Opt-in, opt-out? Legal specialist Egos comments

The regulations can be found at www.legislation.hmso.gov.uk. The regulations they replace had been in force since 1976, and were hopelessly out of date, given the extensive changes which have taken place in the commercial world since that time.

A battle was engaged by the PCG and others during the earlier consultation process, concerning the status of limited company contractors under the new regulations, and whether or not the regulations would apply to them – they wanted limited companies to have the option to operate outside the regulations. Some say the battle was won, in that the regulations actually brought into force do contain indeed provision for limited company contractors to opt out. For myself, maybe I'm missing something, but if this was a victory, then to me it seems one of the Pyrrhic kind!

The majority of the regulations came into force on 6th April 2004, although the parts which (subject to the opt out provisions) bring limited company contractors inside the regulations do not come into force until 6th July 2004; until 6th July 2004 the regulations should probably be treated as not applying to contractors operating through limited companies. Thereafter, unless there is a valid and current 'opt out', the regulations will apply to limited companies used by contractors in the same way as they do to individuals working through agencies.

How to opt out

In the case of a contractor operating through a limited company who wishes to opt out, both the individual and the company must notify the agency to that effect in writing, and before either the introduction or the supply of services to the client.

Such a notice can be withdrawn at a later point by the individual, although the withdrawal will not take effect until the contract ends.

An agency may not make opting out a condition of providing work-finding services.

Thus opting out is a matter for the free choice of limited company contractors, and the choice (if exercised) must be made before introduction to the client.

The effects of opting out

In terms of the real world issues that cross my desk, I see three areas where opting out could make a practical difference; these are not the only effects of opting out, but they are the ones I see as having some commercial significance:

1 No signed timesheet: Regulation 12 imposes a restriction, the effect of which is to prevent an agency being able to use as an excuse for non-payment the fact that the client has not signed a time sheet. A contractor will still have to prove (by some means or other) that he has done the work before he is entitled to payment, but an agency can no longer use the fact that the contractor does not have (for whatever reason) a timesheet signed by the client as an excuse for non-payment. Contractual terms which conflict with this principle will no longer be valid.

(As an aside: that's not to say that they were valid before – I've had to deal with this problem on several occasions over the years, and on pretty well every occasion I have succeeded in getting round it by successfully arguing an implied term that the client would not refuse to sign the timesheet without proper cause – but now, the solution is clear cut, and where the regulations apply, there will be less of an upwards struggle).

Thus on this point, I see it as clearly being in the Contractor's commercial interests to be within the scope of the regulations, and not to opt out. This, to my mind, is a significant commercial issue.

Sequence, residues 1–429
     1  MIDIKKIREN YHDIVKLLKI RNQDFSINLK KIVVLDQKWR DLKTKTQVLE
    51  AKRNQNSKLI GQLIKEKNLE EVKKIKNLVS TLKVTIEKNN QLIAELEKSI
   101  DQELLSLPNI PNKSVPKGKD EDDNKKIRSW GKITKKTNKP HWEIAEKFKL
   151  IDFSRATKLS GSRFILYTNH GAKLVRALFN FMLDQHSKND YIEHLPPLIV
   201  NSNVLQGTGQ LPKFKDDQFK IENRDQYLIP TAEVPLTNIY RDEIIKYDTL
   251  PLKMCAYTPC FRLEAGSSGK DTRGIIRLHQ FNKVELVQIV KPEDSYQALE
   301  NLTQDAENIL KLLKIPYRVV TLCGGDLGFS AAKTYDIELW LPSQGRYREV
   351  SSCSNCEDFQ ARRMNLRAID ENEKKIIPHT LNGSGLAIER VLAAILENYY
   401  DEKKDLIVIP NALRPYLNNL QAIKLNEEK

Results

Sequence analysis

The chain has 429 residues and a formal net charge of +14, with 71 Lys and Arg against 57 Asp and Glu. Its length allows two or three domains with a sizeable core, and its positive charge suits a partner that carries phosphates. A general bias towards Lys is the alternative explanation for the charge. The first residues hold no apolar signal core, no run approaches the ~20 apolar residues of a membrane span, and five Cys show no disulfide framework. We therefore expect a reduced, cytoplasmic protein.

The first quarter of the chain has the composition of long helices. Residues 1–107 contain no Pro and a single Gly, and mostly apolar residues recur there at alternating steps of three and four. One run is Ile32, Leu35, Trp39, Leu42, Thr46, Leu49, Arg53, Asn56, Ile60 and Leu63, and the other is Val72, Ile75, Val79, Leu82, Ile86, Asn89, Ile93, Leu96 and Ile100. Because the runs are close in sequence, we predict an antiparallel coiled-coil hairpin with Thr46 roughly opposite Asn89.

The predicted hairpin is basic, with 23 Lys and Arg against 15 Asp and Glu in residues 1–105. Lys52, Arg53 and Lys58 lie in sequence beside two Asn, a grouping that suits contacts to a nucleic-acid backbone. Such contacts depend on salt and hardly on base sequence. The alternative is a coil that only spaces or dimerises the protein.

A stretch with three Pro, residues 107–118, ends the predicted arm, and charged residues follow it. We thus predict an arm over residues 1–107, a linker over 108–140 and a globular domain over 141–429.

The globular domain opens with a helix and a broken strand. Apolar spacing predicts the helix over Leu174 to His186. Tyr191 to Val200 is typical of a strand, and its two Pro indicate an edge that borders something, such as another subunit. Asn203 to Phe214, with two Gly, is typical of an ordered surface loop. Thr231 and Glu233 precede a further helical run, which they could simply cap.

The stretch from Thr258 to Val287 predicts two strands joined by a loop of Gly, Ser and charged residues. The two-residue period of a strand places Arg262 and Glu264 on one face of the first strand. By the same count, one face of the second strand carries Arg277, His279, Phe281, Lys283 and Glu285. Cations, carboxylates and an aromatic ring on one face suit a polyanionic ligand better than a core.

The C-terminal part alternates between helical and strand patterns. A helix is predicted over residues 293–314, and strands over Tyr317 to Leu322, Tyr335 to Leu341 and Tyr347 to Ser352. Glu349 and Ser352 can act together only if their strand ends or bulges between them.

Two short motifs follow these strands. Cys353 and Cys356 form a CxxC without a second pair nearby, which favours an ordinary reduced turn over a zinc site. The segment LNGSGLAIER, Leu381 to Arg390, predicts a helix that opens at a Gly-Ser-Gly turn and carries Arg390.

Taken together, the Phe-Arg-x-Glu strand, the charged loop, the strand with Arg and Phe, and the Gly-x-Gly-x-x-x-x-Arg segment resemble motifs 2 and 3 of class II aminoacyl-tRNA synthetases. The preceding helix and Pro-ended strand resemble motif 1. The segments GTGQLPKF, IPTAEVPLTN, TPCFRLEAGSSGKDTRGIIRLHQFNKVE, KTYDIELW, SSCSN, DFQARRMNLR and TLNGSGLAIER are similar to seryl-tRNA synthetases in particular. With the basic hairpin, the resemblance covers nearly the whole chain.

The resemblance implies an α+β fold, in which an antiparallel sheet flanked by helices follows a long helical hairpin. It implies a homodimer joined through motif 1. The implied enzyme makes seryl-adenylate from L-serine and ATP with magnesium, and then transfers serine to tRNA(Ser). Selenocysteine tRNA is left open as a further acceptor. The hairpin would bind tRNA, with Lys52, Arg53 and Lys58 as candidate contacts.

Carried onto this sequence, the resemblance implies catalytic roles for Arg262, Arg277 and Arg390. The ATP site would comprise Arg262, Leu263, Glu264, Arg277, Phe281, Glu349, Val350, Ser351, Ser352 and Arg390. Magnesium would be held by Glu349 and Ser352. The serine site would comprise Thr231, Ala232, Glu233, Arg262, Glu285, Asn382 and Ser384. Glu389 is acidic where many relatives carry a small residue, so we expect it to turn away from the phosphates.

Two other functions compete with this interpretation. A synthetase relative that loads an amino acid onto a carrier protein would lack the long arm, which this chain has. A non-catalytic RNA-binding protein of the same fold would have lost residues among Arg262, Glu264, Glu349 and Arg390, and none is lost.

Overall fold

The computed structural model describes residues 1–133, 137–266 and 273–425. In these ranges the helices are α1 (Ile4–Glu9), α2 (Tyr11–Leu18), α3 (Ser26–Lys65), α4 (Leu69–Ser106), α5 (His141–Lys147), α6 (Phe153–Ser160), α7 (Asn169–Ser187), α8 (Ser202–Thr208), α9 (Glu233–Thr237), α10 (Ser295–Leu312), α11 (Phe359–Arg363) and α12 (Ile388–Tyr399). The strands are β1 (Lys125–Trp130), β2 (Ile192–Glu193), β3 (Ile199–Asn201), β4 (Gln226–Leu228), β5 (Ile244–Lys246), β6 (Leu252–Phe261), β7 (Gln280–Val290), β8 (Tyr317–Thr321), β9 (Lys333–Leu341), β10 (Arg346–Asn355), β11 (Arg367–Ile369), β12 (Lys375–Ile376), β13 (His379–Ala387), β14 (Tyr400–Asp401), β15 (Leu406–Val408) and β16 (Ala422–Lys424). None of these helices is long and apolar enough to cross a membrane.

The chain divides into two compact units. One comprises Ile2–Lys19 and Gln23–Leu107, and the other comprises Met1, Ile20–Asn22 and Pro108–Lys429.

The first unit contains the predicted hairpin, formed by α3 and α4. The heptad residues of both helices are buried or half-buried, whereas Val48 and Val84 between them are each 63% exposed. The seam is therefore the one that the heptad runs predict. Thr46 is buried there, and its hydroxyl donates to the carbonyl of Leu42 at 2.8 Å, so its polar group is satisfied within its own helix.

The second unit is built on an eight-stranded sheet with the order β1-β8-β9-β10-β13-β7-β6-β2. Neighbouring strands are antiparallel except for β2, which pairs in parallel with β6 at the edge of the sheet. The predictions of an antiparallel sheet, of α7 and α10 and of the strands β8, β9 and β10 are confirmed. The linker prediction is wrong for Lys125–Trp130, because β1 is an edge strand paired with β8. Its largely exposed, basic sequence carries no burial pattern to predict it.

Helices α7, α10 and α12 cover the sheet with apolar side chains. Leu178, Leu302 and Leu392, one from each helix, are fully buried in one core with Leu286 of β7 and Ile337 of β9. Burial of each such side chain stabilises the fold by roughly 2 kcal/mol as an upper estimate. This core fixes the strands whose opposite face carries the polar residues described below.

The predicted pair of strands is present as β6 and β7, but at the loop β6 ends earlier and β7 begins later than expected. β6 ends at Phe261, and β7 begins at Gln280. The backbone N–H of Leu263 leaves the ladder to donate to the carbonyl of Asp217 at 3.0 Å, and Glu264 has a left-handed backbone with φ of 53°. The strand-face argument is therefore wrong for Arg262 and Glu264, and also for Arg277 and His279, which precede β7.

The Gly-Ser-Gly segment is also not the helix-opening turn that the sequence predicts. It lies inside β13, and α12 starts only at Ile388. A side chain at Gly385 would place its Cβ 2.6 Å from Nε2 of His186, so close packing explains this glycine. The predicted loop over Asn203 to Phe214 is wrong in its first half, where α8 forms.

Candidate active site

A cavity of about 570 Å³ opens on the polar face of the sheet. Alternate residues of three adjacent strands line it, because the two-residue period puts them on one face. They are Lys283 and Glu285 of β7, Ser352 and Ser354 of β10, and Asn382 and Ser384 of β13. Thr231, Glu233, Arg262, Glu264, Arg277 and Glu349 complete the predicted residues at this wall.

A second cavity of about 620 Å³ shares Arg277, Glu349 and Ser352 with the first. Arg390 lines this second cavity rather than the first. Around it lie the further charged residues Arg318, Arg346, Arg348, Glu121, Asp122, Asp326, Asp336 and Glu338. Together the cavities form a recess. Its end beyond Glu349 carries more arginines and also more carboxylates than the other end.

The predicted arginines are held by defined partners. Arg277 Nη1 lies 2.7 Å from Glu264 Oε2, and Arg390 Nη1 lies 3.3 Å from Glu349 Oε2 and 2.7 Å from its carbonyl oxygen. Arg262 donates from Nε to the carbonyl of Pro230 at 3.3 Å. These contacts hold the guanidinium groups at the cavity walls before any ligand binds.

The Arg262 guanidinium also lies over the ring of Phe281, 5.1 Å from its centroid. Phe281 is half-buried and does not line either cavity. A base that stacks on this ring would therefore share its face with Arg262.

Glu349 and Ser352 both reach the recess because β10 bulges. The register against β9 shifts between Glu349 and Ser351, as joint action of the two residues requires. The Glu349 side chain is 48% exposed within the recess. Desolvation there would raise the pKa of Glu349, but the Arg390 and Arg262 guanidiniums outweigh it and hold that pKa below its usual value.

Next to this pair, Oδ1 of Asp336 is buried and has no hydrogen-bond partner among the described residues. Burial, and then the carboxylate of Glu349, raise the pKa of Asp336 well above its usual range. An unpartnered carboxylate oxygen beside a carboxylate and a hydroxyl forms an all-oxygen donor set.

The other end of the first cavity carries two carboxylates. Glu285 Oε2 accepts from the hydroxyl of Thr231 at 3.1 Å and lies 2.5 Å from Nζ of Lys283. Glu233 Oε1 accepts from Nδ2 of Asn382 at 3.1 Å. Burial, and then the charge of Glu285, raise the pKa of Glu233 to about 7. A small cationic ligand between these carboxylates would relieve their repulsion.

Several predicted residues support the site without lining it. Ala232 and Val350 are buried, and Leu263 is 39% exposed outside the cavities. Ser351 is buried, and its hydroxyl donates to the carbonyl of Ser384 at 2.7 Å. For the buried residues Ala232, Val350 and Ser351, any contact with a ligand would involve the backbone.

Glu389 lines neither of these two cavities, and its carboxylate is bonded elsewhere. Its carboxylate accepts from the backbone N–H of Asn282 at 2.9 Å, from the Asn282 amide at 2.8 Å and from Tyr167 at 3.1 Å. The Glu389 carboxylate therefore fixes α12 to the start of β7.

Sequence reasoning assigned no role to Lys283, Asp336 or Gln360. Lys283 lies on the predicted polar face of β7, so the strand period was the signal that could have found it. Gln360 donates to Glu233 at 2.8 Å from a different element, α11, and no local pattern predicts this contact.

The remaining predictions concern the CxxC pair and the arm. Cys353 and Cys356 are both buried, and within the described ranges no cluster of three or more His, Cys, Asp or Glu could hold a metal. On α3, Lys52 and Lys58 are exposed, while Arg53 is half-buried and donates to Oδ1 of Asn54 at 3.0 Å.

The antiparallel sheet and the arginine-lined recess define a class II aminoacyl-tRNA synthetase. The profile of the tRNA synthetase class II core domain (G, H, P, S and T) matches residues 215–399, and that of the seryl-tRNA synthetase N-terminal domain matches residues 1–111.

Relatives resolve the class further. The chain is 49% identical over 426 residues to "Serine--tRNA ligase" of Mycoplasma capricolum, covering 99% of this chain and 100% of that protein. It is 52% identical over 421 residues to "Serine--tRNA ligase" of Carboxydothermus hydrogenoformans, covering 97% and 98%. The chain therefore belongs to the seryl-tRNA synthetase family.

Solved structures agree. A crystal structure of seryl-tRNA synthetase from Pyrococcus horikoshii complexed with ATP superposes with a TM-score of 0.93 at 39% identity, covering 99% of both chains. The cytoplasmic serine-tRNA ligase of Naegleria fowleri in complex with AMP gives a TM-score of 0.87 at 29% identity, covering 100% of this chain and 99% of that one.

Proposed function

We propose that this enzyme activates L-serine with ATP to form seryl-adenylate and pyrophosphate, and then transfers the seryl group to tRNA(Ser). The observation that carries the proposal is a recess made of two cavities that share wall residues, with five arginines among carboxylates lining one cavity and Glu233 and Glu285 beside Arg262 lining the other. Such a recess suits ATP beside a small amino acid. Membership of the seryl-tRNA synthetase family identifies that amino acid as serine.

2 Restriction on going direct: Regulation 10 limits the ability of an agency to validly restrict by contractual terms a contractor and a client making direct arrangements for future services which exclude the agency. Agencies typically impose restrictions which (if valid – and they are not always valid) would operate so as to prevent such direct dealings for periods of up to 12 months (sometimes even longer). Common law principles (clarity and certainty, and restraint of trade) govern the enforceability of such terms. Now, such terms will also have to satisfy the provisions of the new regulations in order to be enforceable, and where the regulations apply, the maximum effective period during which a restriction can prevent direct dealings will be the longer of 14 weeks after the first working day, and 8 weeks after the last working day.

On this point too, I see it as clearly being in the Contractor's interests to be within the scope of the regulations, and not to opt out. This too is a significant commercial issue.

3 IR35: There was much discussion in the course of the battle over whether or not the inclusion of limited company contractors within the regulations would be an IR35 negative; if it is an IR35 negative, then in my view it will be a very minor one, but I myself believe that operating within or without the regulations will be an IR35 neutral point. Indeed, I would say the taking of a decision to avail oneself of the commercial protection of the regulations and not opt out could be argued to be an IR35 positive, since it is exercising sound management principles to take a commercial decision in the best interests of the business, for reasons other than tax.

Thus my own feeling is that any potential IR35 effects of opting out should be disregarded.

Conclusion

Overall, I find it difficult to see that there is any sound commercial reason why a contractor providing services through an agency would wish to opt out of the new regulations.

Roger Sinclair, Egos Ltd
7th June 2004

further reading:
New Rules for Agency Contractors - April 2008
.